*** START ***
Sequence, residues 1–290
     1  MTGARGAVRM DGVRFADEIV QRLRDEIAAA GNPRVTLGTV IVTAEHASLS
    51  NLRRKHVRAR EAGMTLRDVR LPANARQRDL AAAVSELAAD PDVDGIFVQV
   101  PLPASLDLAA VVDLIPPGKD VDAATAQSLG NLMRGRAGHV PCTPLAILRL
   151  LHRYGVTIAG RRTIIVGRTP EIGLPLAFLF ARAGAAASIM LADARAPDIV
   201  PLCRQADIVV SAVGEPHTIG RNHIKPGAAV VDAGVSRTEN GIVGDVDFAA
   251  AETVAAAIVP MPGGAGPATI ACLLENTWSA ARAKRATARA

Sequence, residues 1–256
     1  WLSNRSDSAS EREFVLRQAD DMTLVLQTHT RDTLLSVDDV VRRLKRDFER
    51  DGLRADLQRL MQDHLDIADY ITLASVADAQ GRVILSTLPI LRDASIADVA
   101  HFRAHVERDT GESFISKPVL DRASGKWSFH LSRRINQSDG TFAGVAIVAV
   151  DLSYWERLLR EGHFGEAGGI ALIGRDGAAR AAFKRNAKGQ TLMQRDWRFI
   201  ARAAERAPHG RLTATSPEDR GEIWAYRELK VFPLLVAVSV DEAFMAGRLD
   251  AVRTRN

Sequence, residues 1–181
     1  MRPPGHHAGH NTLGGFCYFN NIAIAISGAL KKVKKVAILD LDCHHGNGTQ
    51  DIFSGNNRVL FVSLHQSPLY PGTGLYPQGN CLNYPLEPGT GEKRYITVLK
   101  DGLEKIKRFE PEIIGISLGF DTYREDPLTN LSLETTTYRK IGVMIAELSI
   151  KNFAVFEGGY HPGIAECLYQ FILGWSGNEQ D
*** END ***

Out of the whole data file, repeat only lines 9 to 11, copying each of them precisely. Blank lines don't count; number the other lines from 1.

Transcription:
     1  WLSNRSDSAS EREFVLRQAD DMTLVLQTHT RDTLLSVDDV VRRLKRDFER
    51  DGLRADLQRL MQDHLDIADY ITLASVADAQ GRVILSTLPI LRDASIADVA
   101  HFRAHVERDT GESFISKPVL DRASGKWSFH LSRRINQSDG TFAGVAIVAV